Striking Distance Review

Striking Distance
Hardy is from a police family. When his father is murdered, he refuses to accept the man the police arrest as the perpetrator, instead claiming it was commited by a police officer. His demotion to river duty does not weaken his resolve to catch the murderer.

by Mark Salisbury |
Published on
Release Date:

01 Jan 1993

Running Time:

105 minutes



Original Title:

Striking Distance

Willis’ first role after The Last Boy Scout is further proof that the man can still hack it if given a smart, flippant script to chew on, but fails dismally if his testosterone-ridden hard-men aren't propped up by a plethora of snappy one-liners and caustic asides.

Here Willis is on auto-pilot as Tom Hardy, an ex-cop who blows the whistle on his partner (and cousin) Jimmy Detillo (Robert Pastorelli) for using excessive force during a routine arrest and who is subsequently drummed out of the force when he goes on TV and insists the serial killer piling up blondes on Pittsburgh's streets is not the derelict they've arrested, but, in fact, a cop.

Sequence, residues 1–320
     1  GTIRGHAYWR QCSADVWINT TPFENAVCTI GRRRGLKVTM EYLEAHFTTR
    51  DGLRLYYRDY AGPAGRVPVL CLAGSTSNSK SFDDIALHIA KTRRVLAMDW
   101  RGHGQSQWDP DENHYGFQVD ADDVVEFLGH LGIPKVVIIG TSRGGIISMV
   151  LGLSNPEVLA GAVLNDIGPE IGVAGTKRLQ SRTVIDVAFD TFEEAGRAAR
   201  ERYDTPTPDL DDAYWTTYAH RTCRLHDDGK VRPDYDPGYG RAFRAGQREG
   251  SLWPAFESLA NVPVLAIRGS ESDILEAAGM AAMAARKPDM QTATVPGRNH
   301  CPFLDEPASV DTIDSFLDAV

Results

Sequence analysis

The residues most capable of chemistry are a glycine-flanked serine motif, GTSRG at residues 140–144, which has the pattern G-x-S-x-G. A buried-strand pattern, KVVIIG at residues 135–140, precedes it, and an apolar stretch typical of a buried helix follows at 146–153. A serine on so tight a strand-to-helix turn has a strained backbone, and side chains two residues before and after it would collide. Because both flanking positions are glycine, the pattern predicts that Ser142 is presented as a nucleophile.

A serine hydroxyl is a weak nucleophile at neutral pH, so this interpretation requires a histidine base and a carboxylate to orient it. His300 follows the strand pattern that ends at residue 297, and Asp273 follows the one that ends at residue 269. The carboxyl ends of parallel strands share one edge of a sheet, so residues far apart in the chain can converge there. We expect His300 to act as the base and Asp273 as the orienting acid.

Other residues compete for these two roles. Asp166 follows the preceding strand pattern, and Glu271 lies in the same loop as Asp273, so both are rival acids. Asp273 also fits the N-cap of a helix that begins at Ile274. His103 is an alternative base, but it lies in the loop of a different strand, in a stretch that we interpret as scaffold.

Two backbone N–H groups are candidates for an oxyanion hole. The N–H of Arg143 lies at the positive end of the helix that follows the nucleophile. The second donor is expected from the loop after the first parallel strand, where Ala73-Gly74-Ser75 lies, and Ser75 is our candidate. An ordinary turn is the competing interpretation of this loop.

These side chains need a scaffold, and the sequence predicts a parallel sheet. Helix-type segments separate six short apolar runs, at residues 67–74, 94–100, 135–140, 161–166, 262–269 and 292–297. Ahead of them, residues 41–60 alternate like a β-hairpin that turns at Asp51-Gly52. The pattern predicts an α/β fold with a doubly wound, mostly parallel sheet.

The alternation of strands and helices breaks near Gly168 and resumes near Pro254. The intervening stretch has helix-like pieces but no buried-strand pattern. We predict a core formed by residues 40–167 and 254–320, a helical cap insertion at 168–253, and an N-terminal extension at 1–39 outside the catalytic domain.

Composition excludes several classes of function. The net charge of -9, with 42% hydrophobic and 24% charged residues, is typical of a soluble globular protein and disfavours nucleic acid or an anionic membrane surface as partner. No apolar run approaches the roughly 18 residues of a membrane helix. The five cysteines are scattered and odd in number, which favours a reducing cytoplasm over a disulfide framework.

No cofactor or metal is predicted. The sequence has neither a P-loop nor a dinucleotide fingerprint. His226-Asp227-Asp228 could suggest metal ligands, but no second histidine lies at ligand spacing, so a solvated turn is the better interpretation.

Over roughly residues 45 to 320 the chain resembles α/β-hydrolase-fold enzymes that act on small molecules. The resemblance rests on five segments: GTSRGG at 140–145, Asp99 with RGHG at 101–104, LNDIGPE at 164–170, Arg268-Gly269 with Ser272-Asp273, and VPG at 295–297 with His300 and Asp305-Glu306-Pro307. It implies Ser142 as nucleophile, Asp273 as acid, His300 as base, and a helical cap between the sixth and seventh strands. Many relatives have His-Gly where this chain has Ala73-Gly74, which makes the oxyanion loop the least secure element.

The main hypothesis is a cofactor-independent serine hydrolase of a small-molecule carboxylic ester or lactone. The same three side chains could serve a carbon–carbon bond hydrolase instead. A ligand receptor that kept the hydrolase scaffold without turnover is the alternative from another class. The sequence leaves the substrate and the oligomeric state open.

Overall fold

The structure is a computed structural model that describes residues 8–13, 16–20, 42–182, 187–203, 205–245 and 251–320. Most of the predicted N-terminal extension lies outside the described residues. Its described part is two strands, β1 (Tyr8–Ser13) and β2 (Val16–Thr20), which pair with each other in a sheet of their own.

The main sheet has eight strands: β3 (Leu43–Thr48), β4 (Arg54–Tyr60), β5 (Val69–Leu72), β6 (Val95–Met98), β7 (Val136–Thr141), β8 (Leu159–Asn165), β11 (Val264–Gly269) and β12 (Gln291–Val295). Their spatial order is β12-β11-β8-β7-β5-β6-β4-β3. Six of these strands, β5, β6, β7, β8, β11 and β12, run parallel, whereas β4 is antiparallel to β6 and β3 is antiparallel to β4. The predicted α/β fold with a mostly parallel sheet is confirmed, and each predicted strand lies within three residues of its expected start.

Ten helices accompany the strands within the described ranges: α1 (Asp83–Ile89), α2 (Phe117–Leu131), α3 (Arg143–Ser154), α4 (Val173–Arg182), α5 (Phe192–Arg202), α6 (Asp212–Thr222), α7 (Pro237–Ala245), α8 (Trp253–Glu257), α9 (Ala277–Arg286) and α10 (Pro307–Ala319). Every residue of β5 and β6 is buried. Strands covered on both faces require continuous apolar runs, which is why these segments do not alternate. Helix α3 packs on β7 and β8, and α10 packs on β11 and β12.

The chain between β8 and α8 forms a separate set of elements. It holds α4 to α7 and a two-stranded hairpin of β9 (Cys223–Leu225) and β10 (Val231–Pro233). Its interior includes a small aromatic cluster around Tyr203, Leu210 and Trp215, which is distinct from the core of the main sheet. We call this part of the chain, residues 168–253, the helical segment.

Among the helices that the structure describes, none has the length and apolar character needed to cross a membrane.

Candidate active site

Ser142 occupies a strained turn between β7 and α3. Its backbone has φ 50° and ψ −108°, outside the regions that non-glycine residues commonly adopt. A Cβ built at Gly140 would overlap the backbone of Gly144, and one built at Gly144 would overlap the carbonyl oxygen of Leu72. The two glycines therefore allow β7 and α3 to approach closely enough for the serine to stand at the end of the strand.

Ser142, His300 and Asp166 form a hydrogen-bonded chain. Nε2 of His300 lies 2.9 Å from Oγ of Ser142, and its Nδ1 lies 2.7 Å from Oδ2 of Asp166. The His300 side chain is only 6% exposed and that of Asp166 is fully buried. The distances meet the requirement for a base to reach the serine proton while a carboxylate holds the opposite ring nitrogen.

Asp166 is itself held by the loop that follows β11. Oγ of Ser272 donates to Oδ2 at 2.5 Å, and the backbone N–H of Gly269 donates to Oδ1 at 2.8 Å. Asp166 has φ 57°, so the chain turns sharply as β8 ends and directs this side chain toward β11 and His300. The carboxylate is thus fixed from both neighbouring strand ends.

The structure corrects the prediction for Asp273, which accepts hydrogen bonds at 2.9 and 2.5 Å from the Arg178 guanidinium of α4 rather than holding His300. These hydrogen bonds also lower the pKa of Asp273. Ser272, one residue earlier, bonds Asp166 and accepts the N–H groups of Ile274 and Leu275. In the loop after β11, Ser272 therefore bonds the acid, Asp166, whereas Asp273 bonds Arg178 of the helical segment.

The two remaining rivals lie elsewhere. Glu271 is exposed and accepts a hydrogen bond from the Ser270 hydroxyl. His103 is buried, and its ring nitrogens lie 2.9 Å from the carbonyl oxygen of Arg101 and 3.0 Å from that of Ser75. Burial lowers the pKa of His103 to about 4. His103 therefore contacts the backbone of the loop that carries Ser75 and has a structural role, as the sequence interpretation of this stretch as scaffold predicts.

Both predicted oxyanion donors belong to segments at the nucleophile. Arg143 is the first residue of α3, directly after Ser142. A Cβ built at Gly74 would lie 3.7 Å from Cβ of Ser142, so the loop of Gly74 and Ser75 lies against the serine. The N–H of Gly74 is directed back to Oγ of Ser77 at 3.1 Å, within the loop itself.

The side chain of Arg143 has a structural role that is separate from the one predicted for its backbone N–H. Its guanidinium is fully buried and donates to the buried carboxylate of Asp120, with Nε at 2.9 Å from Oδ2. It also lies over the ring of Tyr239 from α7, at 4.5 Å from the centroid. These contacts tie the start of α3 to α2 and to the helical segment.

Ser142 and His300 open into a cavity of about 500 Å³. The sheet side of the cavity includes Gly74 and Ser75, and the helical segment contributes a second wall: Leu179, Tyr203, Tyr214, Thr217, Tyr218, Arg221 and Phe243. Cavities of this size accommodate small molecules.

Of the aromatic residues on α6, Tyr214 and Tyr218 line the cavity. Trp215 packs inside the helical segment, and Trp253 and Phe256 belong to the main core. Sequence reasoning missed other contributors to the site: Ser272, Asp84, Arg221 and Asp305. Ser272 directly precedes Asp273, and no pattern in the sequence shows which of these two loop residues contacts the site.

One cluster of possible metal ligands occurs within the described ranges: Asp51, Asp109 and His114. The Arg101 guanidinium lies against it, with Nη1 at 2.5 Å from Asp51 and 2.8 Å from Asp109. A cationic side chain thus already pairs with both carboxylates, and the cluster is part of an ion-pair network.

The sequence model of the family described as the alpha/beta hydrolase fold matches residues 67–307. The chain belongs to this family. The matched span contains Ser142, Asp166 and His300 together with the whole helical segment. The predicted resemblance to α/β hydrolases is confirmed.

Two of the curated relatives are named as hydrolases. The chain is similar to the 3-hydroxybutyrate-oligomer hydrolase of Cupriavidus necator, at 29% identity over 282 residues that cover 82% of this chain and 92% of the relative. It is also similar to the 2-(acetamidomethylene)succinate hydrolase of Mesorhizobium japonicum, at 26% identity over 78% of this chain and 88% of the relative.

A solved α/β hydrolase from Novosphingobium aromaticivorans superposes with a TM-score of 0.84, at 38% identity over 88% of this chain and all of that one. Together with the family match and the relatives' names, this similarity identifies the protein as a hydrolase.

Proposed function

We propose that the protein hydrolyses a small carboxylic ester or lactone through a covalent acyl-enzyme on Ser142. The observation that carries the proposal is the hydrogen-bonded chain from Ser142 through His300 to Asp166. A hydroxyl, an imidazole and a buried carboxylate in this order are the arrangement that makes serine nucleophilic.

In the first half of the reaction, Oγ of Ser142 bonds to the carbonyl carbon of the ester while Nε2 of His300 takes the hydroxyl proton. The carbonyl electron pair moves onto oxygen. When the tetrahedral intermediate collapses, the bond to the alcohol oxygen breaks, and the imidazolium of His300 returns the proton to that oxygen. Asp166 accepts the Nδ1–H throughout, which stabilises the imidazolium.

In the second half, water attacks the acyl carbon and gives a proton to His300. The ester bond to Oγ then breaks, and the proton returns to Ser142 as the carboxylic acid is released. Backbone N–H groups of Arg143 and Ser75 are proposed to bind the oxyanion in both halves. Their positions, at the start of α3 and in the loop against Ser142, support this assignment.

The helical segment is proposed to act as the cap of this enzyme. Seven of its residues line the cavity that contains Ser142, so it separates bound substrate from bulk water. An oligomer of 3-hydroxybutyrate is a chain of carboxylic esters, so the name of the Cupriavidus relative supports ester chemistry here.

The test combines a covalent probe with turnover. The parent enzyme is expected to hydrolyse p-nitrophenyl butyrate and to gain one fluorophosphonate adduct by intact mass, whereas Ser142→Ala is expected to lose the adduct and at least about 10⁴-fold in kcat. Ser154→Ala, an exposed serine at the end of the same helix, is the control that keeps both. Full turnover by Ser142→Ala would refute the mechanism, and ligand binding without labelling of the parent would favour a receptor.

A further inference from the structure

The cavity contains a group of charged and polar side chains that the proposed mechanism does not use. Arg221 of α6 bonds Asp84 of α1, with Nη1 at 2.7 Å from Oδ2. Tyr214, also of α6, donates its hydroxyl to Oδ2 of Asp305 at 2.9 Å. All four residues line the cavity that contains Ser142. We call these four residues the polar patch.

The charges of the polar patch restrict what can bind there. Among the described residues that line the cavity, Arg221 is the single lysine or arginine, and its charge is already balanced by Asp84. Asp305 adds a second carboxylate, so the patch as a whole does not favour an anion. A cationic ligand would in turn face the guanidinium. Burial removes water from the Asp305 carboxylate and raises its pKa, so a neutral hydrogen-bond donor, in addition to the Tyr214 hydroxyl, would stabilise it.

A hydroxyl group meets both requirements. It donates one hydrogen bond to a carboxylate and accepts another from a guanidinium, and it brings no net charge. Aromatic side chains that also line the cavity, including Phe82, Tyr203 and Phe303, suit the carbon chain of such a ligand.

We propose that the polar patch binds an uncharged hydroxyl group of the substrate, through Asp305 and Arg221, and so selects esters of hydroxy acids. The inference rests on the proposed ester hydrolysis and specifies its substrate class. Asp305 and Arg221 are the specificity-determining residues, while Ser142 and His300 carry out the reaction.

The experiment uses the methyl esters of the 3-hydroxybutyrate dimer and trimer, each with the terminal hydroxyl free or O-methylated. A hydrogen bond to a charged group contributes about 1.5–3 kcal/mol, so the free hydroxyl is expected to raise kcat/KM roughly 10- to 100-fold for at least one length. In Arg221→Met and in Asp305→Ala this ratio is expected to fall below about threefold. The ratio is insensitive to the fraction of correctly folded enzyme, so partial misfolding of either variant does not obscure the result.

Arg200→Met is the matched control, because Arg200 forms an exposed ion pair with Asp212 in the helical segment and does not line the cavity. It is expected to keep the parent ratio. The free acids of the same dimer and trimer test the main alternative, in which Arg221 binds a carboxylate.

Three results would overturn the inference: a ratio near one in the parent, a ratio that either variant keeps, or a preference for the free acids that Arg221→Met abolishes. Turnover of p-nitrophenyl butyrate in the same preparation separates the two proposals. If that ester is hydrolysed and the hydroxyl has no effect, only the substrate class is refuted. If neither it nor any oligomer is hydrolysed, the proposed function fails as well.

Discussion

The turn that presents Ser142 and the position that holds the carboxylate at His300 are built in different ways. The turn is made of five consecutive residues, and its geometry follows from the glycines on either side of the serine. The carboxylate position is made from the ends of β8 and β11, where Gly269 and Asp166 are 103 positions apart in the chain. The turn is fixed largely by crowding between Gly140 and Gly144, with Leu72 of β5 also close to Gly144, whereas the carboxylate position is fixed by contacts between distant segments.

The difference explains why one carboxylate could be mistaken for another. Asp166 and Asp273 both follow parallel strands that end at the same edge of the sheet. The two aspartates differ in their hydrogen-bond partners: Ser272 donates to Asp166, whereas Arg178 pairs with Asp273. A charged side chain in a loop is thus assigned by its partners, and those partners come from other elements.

Two years pass and Willis is hitting the drink in at least two senses as a member of the River Rescue Squad, breaking in a new partner (Parker) in at least two senses, and once again espousing his cop/serial killer theory when a series of women — all of whom share the distinction of being among Hardy's ex-girlfriends — turn up dead in his stretch of river. And when Willis' Hardy, who appears to be related to the entire Pittsburgh Police Department, finally uncovers the identity of the killer, it's a surprise to nobody but him.

Herrington stages his action efficiently enough — the opening car chase manages to put a couple of spins on a hackneyed cinema staple —but is let down by his own script which seems to have been hanging around in the water so long it's become bloated with

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